Plenary Sessions

09:00-09:40Dark matter revealed by the first stars? (Rennan Barkana)
09:40-10:20High-energy cosmic rays: origins and connections (Martin Lemoine)
10:20-11:00Gamma-ray Astronomy (Ulisses Barres de Almeida)
11:30-12:10Open Problems in Cosmology (Joe Silk)
12:10-12:30Texas 2021 announcement / Final remarks and closure

Abstracts

Monday 16/12

Testing General Relativity with the First EHT Black Hole Images

09:30-10:20

Dimitrios Psaltis (Astronomy, University of Arizona)

The Event Horizon Telescope recently revealed the first picture of the black-hole shadow in the center of the M87 galaxy. I will discuss the technological and theoretical advances during the last decade that led to this result. I will then focus on how this picture allows us to accurately measure the mass of the black hole and test Einstein’s theory of General Relativity.

Supermassive black holes: A window onto the relativistic Universe

10:20-11:00

Christopher Reynolds (Institute of Astronomy, University of Cambridge)

Although it has been more than 50 years since the identification of the first active galactic nucleus (AGN), supermassive black holes (SMBHs) are still a focus of modern astrophysics. With developments in both X-ray astronomy and sub-mm Very Long Baseline Interferometry, SMBHs are finally yielding the long-promised window on strong gravitational physics. In this presentation, I shall review recent developments in SMBH studies, focusing on probes of strong gravitational physics (including black hole spin), the existence of event horizons, and the use of black holes to probe particle physics beyond the Standard Model. I shall end with a brief look at future prospects in this field.

On the role of magnetic fields in powering relativistic jets: a lesson from Galactic X-ray binaries

11:30-12:10

Elena Gallo (University of Michigan)

To fully understand the nature of exoplanets, their atmospheric evolution must be studied along with their orbital history: where did a planet form ? when did it migrate close to its star and start losing its atmosphere? The orbital architecture of planetary systems can be used to trace back in time their orbital evolution. Yet most measurements have been obtained for Jupiter-size planets around early-type stars, limiting our ability to assess the impact of migration on a large variety of planets. I will show how the development of a new technique opened the measurement of orbital architectures to new classes of planetary systems, and allowed us to unveil a possible interplay between long-term atmospheric and orbital evolution for planets at the edge of the desert.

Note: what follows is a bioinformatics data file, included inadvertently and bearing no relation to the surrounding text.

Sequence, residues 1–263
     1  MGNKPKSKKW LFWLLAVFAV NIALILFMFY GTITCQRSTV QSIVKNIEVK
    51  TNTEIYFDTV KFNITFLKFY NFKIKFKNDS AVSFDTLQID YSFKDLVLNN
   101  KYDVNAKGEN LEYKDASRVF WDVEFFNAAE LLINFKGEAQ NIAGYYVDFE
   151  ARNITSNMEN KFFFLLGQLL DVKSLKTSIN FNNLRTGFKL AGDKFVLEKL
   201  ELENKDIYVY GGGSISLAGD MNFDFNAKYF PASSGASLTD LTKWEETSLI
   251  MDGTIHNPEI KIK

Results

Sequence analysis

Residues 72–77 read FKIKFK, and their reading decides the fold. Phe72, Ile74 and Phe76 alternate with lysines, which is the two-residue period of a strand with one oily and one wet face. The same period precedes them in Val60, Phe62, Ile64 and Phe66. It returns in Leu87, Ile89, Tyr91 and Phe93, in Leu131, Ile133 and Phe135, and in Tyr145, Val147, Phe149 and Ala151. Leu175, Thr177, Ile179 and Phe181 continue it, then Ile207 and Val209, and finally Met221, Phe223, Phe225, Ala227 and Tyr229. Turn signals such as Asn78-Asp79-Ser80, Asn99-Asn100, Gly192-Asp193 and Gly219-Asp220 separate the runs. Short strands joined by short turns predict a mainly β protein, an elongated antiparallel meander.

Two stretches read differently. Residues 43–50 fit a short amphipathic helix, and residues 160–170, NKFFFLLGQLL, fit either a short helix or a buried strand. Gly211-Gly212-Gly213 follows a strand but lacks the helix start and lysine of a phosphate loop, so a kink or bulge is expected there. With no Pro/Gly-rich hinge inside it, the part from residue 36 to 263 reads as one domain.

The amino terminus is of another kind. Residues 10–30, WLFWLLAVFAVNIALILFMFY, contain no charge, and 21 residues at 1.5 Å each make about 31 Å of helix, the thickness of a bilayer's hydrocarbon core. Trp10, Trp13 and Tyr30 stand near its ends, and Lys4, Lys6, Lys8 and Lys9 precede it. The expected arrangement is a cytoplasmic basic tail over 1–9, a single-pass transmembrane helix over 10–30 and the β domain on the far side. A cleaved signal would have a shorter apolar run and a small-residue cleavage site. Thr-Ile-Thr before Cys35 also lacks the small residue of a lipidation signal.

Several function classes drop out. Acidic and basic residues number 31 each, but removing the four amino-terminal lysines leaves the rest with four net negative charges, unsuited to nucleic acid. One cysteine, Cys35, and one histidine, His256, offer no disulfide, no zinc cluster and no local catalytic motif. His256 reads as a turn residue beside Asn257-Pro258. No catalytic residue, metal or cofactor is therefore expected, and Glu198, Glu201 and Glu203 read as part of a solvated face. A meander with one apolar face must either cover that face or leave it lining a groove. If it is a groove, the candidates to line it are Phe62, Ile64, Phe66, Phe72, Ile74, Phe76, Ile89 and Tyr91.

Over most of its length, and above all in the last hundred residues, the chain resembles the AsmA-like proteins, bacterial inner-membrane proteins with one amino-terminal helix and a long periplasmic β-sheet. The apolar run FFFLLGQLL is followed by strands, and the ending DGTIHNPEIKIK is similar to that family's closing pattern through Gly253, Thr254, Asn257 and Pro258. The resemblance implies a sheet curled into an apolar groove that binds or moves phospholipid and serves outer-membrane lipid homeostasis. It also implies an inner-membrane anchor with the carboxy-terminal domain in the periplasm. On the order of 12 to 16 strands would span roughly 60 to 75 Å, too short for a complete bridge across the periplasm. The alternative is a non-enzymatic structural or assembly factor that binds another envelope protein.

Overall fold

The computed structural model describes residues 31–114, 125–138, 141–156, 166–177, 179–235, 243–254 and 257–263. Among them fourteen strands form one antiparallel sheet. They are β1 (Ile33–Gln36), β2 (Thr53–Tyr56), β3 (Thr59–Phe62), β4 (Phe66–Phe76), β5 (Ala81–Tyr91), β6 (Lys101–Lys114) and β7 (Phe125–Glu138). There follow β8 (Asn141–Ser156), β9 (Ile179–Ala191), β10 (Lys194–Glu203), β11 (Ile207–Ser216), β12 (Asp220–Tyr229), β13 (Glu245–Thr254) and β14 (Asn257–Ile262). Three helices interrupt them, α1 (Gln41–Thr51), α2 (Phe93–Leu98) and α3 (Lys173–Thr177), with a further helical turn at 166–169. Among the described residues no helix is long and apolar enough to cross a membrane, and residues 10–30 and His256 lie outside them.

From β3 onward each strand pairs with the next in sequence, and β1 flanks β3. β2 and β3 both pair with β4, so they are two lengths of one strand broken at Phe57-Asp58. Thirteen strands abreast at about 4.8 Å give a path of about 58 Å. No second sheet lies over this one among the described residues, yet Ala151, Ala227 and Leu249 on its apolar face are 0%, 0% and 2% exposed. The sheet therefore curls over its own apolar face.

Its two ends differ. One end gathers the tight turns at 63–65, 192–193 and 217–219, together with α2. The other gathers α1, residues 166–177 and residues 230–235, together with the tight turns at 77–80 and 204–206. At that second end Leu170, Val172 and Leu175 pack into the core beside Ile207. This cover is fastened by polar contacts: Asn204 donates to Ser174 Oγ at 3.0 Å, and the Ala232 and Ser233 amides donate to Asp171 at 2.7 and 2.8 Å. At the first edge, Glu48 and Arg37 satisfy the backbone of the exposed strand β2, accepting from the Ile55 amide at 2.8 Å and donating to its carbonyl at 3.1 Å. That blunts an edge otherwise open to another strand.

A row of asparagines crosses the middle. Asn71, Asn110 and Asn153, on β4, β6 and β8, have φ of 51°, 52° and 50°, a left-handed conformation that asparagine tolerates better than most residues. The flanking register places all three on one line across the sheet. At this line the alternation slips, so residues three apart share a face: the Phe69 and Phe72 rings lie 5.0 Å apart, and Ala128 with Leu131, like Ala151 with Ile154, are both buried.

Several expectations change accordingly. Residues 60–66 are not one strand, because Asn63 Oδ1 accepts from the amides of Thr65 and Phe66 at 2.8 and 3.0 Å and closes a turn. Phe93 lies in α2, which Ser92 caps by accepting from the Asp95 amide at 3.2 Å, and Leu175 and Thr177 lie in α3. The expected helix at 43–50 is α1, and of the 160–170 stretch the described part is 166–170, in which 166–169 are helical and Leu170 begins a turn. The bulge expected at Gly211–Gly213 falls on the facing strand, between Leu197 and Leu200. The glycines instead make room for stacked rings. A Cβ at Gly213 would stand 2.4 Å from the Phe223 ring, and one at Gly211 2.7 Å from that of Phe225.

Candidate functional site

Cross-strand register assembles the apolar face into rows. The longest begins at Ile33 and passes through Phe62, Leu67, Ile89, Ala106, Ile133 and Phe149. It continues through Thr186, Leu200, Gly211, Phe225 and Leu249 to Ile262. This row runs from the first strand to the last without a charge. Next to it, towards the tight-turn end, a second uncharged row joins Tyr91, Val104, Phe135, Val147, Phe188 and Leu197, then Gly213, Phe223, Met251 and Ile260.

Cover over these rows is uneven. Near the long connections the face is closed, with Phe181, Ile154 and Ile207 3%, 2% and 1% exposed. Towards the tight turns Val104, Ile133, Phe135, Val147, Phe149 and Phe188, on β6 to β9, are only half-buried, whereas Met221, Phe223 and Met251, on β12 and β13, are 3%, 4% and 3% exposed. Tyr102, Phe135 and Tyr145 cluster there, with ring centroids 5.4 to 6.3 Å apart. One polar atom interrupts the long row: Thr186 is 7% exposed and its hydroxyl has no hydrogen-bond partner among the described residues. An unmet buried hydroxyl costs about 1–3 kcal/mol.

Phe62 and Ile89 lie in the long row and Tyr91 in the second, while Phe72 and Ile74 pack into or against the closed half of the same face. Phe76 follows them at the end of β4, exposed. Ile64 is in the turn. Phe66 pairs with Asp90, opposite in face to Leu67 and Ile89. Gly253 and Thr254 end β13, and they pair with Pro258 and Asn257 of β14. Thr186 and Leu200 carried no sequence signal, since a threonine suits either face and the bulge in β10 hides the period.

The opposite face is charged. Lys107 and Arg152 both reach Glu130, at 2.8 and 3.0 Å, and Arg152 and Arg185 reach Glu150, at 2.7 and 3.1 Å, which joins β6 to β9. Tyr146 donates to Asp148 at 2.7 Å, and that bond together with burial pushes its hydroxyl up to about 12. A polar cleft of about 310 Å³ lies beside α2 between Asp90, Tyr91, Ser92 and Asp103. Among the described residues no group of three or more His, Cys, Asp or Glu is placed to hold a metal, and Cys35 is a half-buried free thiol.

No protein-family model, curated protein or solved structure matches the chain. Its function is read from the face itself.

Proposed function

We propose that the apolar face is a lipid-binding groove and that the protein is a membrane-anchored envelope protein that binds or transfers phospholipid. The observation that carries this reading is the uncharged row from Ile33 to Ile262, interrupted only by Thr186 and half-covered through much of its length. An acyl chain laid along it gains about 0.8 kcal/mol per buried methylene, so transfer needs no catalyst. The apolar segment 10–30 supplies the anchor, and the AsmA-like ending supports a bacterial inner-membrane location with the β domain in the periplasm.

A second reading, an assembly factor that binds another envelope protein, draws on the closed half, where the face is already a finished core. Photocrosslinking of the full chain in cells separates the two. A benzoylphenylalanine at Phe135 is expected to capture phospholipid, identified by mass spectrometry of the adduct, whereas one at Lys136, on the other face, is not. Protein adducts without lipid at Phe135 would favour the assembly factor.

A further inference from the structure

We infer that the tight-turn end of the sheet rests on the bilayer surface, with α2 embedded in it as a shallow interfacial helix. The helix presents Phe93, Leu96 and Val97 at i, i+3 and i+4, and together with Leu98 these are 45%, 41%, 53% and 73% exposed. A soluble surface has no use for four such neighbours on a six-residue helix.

High-energy astronomy with neutrinos: moving towards the planetary scale

12:10-12:50

Elisa Resconi (TU Munich)

In this presentation I will talk about the recent results obtained with the IceCube South Pole Neutrino Observatory and in particular about the first association between high energy neutrinos and an astronomical source. The recent progress motivates a future phase of IceCube as well as a new project, the Pacific Ocean Neutrino Experiment (P-ONE). P-ONE is a new initiative which aims to redevelop ocean-based neutrino telescopes by harnessing one of the largest comprehensive ocean observing infrastructures in the world, Ocean Networks Canada. A test-bed of sensitive optical instruments have been deployed and operated at ONC’s Cascadia Basin site, at a depth of 2.6km, providing the crucial initial site information needed to develop of a full-scale telescope. We present here the first conceptual study of P-ONE and its role within the planetary network of neutrino telescopes under development.

Tuesday 17/12

Two years of Observations of a neutron star merger across the electromagnetic spectrum

09:00-09:40

Raffaella Margutti (Physics and Astronomy/CIERA, Northwestern University)

GW170817 is the first cosmic event observed with gravitational-waves and light. I will provide an overview of the observations of the neutron-star merger event GW170817 across the electromagnetic spectrum during its 2.5 years of evolution, focusing on the most critical aspects of the interpretation.

Binary neutron stars: Einstein’s richest laboratory

09:40-10:20

Luciano Rezzolla (Institute for Theoretical Physics, Goethe University Frankfurt)

I will argue that if black holes represent one the most fascinating implications of Einstein’s theory of gravity, neutron stars in binary system are arguably its richest laboratory, where gravity blends with astrophysics and particle physics. I will discuss the rapid recent progress made in modelling these systems and show how the inspiral and merger of a binary system of neutron stars is more than a strong source of gravitational waves. Indeed, while the gravitational signal can provide tight constraints on the equation of state for matter at nuclear densities, the formation of a black-hole–torus system can explain much of the phenomenology of short gamma-ray bursts, while the the ejection of matter during the merger can shed light on the chemical enrichment of the universe.